Type 3c Diabetes – What It Is and Why It’s Often Misdiagnosed
For a long time diabetes has been separated into type 1 diabetes and type 2 diabetes. However, a new type has entered into this mix, and the truth is that it is not diagnosed properly. As most of us probably know type 1 diabetes happens when the pancreas does not make insulin.
And this type is commonly diagnosed at a very young age.
When it comes to type 2 diabetes, this type shows up later in life when the pancreas isn’t able to produce sufficient amounts of insulin in order to keep up with the body.
On the other hand, the new type of diabetes, type 3c, begins with the damaged pancreas. Intrigued? Read on, to find out more.
More About Type 3c Diabetes
Pancreatogenic diabetes, which is also known by the name type 3c diabetes, occurs from surgery on the pancreas or the pancreatic disease like chronic pancreatitis.
A pink gland found in the abdomen, that is the pancreas that has a double function.
As a matter of fact, what the exocrine pancreas does is that it secretes vital digestive enzymes into the GI that is the gastrointestinal tract.
On the other hand, the endocrine pancreas produces the hormones glucagon and insulin into the bloodstream in order to control carbohydrate metabolism.
When it comes to diabetes, the beta cells found in the pancreas don’t make sufficient amounts of insulin in order to meet the needs of the body. That leads to increased levels of sugar in the blood.
Although diabetes is mainly a condition of the endocrine pancreas, researchers now note that conditions of the exocrine pancreas or also surgery of the pancreas might also cause diabetes.
Researchers have dubbed this kind of diabetes, type 3c diabetes or pancreatogenic diabetes.
Cystic fibrosis, i.e., a disorder of the pancreas, and also other exocrine glands which make uncommonly thick secretions, chronic pancreatitis, i.e., inflammation of the pancreas, surgery on the pancreas, pancreatic cancer, hemochromatosis, i.e., a condition of iron metabolism have all been linked with diabetes.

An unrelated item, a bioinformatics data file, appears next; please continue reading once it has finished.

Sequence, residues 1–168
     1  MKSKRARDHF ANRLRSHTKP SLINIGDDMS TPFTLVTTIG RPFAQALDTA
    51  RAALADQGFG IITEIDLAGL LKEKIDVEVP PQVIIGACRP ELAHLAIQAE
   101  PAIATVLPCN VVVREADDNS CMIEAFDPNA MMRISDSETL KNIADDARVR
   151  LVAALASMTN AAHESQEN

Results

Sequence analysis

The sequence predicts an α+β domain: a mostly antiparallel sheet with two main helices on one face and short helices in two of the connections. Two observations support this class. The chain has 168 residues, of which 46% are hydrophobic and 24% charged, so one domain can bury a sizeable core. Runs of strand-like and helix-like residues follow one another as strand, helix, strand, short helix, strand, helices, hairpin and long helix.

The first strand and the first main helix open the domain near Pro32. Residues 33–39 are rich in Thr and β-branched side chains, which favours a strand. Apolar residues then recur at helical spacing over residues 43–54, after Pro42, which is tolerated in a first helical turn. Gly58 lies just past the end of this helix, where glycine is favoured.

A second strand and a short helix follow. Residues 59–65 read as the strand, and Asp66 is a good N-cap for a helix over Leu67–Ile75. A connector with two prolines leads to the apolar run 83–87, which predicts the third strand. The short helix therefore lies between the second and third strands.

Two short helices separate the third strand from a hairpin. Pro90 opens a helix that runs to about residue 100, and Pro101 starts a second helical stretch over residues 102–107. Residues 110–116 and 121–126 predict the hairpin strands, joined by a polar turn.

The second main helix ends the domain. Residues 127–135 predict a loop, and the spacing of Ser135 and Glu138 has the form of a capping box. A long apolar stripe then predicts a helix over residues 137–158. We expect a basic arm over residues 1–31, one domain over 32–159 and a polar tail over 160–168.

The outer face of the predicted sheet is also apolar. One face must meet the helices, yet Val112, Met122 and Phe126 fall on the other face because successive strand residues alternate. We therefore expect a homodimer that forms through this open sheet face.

According to estimations, type 3c diabetes is responsible for 5 percent to 10 percent of diagnoses of diabetes in the western population.
Also that chronic pancreatitis is responsible for 75 percent of this kind of diabetes. Researchers are still figuring out what leads to pancreatogenic diabetes.
But researchers have noted that one genetic mutation might impair both exocrine and endocrine functions of the pancreas.
Moreover, some pancreatic condition might interrupt the regeneration of the beta cells which secrete and produce insulin, consequently leading to diabetes in people with chronic pancreatitis.
According to one study which included 2 million people, 97.3 percent of those people who had the pancreatic disease (chronic pancreatic disease or acute pancreatitis) previously have been wrongly diagnosed with type 2 diabetes.
Despite the increased insulin requirement, 45.8 percent of those who have diabetes with chronic pancreatic disease use insulin.
Moreover, this study came to the discovery that only 3% of those with type 3c have got a correct diagnosis. The misdiagnoses mean that individuals with type 3c diabetes are not getting the necessary effective treatments.
Those who are diagnosed with this type of diabetes need insulin, but might also benefit from digestive enzyme tablets, according to one of the researchers.
The alternative treatment option is what differs this type of diabetes from others. Accurately identifying the kind of diabetes is vital because it helps to choose the right treatment.
A few medications used for type 2 diabetes, like for instance gliclazide, might not be as efficient when it comes to type 3c diabetes.
Therefore, misdiagnoses might waste money and time attempting different inefficient treatments while at the same time exposing the individual to high blood glucose.
All in all, diabetes which develops after the pancreatic disease is notably linked with early insulin therapy and poor glycemic control, but it is rarely recognized as diabetes of the exocrine pancreas.
Doctors need to elicit whether a person has any history of the pancreatic disease when they think of diabetes, and they need to consider the diagnosis of this other type.
Bear in mind that diabetes of the exocrine pancreas needs to be accordingly identified in order to tailor management, this includes vitamin D prescription, choice of antihyperglycemic therapy, etc.
More significant awareness of this type of diabetes is necessary to manage this diabetes subgroup correctly.
The results of this study, actually highlight the need for improved diagnosis and recognition of this type of diabetes, which seems to be very common.
The scientists hope that this study might stress the prevalence of this condition and last but not least encourage its correct diagnosis.